Information and particularly the pictures used on this page are all copyrighted by the Mary Rose Trust 2000, and have been reproduced here by kind permission for information sharing purposes only. The Isle of Standauffish is not affiliated with the Mary Rose Trust in any way. To visit their site which abounds with information on the Tudor time period please goto;

The Mary Rose Trust

Built between 1509 and 1511 in Portsmouth, Hampshire, the Mary Rose became the flagship of the Navy and was King Henry VIII's favourite warship. While heading for action in 1545, Mary Rose sank in the Solent with a tragic loss of life. She was raised again in 1982 and is now the centre piece of the Mary Rose Museum in Portsmouth, England. The Mary Rose was one of two ships ordered to be built by King Henry VIII. The ship was named after King Henry VIII's younger sister, Mary and the Tudor emblem, a rose. The sister ship was called the Peter Pomegranate. 

The Mary Rose by Roger Purkis. Once the ships were completed, they were sailed around the south coast of England and up the River Thames to the Tower of London where they collected their guns and cannons. The Mary Rose was built as a warship to help defend England from France and Scotland. For 34 years she served in the defence of England protecting against invasions from French and Scottish fleets. 

But, on the 19 July 1545, she sank just off Southsea Castle near Portsmouth while King Henry VIII was watching. She was setting sail to defend Portsmouth Harbour from a French invasion fleet. Map of England Crane used to lift the Mary Rose from the seabed in 1982. Between 1545 and 1965 the wreck of the Mary Rose was only discovered once. Victorian divers managed to take some of the artefacts from the wreck site and sell them to antique collectors. It was in 1965 that divers rediscovered the ship on the seabed. 

They surveyed and recorded the ship using tape measures and waterproof cameras. It was not until 1982, 17 years later, that the Mary Rose was raised to the surface of the Solent from the seabed and placed in a dry-dock within Portsmouth Dockyard. The Mary Rose remains the only ship in the world of the Tudor period to be on show to the public.

Princess Mary- painting by Roger Purkis. The Mary Rose was named after Henry's younger sister, Mary, and the Tudor symbol, the Rose.

She was a new type of ship, specially built as a warship. She was armed with heavy bronze and iron guns. Because she was built with the new watertight gunports, she could carry more heavy guns low down in her hull. This helped keep her stable. In Henry's time, ships like the Mary Rose were hi-tech weapon systems. They were as powerful and modern as an aircraft carrier is today. When the Mary Rose was finished she weighed 500 tons and had a crew of 411 men. ~ SOURCE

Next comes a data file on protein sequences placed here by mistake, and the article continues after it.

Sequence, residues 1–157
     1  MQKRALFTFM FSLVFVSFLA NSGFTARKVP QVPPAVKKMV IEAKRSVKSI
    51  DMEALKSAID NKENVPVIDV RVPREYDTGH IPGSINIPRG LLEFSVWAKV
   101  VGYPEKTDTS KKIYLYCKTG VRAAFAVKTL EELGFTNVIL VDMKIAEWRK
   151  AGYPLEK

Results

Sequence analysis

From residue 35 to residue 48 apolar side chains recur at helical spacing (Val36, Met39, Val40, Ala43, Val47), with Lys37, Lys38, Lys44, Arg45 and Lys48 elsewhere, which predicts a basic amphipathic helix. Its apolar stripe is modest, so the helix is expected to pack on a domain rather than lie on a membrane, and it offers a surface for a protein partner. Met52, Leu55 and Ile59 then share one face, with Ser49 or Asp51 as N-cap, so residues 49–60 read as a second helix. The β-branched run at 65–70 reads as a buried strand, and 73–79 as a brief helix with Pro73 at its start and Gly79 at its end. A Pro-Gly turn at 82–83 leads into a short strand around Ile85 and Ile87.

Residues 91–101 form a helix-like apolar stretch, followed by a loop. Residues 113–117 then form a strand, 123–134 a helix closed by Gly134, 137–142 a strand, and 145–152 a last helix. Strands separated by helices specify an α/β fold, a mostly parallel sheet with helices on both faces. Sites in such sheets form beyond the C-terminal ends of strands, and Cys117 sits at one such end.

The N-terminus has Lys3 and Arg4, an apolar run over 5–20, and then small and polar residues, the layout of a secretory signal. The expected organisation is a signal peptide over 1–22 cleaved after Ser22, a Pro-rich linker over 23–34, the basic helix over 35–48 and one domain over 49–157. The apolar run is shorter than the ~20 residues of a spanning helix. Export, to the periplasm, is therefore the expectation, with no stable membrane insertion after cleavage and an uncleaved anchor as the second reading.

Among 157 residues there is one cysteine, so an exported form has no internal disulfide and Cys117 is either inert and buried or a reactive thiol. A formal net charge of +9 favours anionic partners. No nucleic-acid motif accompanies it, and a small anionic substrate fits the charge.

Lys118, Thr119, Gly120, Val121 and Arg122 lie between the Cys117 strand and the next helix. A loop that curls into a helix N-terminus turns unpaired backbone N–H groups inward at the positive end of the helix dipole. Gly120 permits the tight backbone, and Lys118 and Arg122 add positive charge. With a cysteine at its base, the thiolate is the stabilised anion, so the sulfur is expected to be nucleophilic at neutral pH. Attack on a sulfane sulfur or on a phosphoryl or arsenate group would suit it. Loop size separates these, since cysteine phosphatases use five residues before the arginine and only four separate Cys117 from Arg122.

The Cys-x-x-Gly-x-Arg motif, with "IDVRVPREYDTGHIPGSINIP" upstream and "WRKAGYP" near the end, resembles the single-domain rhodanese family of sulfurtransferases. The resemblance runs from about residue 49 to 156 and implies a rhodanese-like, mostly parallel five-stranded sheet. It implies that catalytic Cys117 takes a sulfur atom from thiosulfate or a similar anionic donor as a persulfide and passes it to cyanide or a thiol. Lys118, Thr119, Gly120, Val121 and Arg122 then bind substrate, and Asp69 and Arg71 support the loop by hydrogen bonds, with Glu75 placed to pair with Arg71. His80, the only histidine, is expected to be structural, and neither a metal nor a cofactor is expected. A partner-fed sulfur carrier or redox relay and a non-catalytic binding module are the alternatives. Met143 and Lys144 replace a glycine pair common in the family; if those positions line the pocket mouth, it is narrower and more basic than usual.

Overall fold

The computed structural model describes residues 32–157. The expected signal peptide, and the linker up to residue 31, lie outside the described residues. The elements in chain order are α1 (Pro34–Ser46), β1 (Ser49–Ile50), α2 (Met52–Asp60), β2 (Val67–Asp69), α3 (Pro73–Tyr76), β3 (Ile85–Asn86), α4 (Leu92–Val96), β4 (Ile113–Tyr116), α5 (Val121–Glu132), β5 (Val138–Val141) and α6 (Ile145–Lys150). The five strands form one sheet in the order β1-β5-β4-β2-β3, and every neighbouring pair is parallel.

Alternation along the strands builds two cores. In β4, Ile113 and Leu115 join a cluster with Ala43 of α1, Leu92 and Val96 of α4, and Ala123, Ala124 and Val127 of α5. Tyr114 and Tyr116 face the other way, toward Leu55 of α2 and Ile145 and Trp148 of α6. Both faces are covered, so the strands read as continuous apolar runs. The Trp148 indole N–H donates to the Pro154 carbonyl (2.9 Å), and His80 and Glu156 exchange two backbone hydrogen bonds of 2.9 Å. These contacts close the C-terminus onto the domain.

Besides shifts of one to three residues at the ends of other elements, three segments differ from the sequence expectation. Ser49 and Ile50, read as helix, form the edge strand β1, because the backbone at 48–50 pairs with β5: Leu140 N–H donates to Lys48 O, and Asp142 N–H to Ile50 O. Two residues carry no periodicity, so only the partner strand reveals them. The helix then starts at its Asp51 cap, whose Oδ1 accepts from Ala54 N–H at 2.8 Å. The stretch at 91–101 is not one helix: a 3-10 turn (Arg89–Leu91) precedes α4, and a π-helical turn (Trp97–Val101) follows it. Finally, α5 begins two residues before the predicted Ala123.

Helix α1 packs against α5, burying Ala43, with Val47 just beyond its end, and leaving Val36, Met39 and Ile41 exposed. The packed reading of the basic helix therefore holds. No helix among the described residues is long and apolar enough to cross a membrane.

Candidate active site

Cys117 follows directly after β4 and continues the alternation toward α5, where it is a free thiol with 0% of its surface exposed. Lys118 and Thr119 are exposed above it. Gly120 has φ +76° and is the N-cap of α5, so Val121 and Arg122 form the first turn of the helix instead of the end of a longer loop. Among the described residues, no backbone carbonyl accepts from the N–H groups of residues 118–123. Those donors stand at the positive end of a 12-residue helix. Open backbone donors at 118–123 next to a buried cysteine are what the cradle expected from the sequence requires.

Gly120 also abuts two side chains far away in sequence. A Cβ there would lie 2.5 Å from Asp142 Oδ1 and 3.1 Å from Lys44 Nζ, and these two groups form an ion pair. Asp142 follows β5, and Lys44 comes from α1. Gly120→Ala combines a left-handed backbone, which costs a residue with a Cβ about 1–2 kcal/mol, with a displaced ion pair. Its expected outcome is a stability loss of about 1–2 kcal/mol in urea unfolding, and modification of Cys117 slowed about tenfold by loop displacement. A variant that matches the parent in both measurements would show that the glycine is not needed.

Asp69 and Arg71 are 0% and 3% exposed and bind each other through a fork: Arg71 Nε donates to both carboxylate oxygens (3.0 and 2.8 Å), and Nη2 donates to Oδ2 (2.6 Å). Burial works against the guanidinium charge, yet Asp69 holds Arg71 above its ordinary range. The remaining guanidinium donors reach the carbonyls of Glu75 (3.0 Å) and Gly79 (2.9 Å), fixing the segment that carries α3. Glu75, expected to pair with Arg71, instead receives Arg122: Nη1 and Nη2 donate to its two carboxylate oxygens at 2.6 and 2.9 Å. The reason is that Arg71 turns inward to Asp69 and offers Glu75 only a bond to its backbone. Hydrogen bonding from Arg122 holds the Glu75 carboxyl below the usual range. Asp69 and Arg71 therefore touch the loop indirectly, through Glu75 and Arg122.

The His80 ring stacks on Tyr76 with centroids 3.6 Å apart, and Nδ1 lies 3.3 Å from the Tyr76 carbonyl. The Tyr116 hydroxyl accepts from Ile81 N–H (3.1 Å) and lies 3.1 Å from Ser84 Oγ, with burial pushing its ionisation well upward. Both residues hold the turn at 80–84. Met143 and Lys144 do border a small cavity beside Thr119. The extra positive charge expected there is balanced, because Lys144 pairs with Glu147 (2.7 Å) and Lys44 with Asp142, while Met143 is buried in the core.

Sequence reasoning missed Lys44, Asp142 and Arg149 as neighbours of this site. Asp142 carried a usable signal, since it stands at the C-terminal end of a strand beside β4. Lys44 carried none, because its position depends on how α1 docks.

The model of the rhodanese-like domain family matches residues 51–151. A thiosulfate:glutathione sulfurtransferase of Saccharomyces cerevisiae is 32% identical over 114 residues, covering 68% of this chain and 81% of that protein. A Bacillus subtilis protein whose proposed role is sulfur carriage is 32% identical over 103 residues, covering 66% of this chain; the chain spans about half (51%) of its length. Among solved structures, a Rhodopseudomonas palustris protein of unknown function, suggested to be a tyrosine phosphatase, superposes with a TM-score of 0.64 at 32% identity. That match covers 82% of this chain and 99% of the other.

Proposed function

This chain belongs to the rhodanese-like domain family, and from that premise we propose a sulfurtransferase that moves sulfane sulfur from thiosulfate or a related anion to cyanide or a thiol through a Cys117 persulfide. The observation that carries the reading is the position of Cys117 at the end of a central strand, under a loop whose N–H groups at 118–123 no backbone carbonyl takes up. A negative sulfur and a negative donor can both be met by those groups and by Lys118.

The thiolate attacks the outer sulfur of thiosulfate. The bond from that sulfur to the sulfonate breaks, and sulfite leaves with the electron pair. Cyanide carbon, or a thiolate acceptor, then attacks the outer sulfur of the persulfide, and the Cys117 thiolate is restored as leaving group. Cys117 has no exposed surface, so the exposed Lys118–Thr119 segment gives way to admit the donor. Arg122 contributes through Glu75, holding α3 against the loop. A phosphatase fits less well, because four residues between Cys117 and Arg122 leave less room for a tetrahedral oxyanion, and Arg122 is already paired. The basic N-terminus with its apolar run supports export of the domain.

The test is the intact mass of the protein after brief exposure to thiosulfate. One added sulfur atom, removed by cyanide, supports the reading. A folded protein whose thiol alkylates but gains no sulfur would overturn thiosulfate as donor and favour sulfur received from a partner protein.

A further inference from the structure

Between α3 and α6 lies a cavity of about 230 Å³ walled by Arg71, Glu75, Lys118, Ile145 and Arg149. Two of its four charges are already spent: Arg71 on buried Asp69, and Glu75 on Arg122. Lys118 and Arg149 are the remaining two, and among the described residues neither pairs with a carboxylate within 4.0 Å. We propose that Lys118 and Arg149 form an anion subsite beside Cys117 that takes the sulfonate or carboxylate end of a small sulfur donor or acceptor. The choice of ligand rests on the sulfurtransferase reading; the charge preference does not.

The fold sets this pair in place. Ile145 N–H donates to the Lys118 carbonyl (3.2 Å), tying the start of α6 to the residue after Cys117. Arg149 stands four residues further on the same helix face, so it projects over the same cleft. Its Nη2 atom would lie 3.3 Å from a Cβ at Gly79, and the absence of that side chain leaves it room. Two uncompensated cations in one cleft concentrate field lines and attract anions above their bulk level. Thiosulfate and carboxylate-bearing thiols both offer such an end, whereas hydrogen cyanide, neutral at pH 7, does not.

The Ship's Cannons

The Mary Rose was designed and built to be a warship, she was one of the largest of the "King's Ships". Only twenty of the fifty-three ships in the King's fleet were classified as warships.  Almost anything can be fired as shot from a cannon at another ship. The most common shot used in Tudor times was a type of rock called limestone. Limestone was easy to quarry and was available on the south coast of England. The rock would have been rounded so that it could be fired from a cannon, although sometimes the shot was cast in iron or lead. 

Bronze gun on a wooden carriage. Gunpowder was sent onboard the ship in barrels. It was important that it the gun powder was kept dry otherwise it would not have exploded when the gun or cannon was fired. It was dangerous to have gunpowder on board the ship because it would have exploded if a fire started. This would have destroyed the ship. The Mary Rose was armed with 7 heavy guns on each side of the main deck. When the guns were needed, the waterproof gun ports were opened and secured. The guns were rolled forward so that they pointed out of the ship ready to fire.

A cast bronze culverin (front) and a wrought iron port piece (back), modern reproductions of two of the guns that were on board the Mary Rose when she sank, on display at Fort Nelson near Portsmouth Credit: The Land